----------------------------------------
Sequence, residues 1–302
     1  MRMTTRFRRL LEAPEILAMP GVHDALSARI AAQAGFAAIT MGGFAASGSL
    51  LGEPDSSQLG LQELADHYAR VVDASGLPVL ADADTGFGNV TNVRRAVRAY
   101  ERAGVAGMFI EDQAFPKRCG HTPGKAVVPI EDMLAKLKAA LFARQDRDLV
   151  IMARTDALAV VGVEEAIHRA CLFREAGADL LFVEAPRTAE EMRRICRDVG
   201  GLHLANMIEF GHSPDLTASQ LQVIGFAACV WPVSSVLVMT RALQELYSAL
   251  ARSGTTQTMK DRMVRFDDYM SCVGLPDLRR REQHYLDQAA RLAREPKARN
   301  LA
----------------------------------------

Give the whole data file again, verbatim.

Sequence, residues 1–302
     1  MRMTTRFRRL LEAPEILAMP GVHDALSARI AAQAGFAAIT MGGFAASGSL
    51  LGEPDSSQLG LQELADHYAR VVDASGLPVL ADADTGFGNV TNVRRAVRAY
   101  ERAGVAGMFI EDQAFPKRCG HTPGKAVVPI EDMLAKLKAA LFARQDRDLV
   151  IMARTDALAV VGVEEAIHRA CLFREAGADL LFVEAPRTAE EMRRICRDVG
   201  GLHLANMIEF GHSPDLTASQ LQVIGFAACV WPVSSVLVMT RALQELYSAL
   251  ARSGTTQTMK DRMVRFDDYM SCVGLPDLRR REQHYLDQAA RLAREPKARN
   301  LA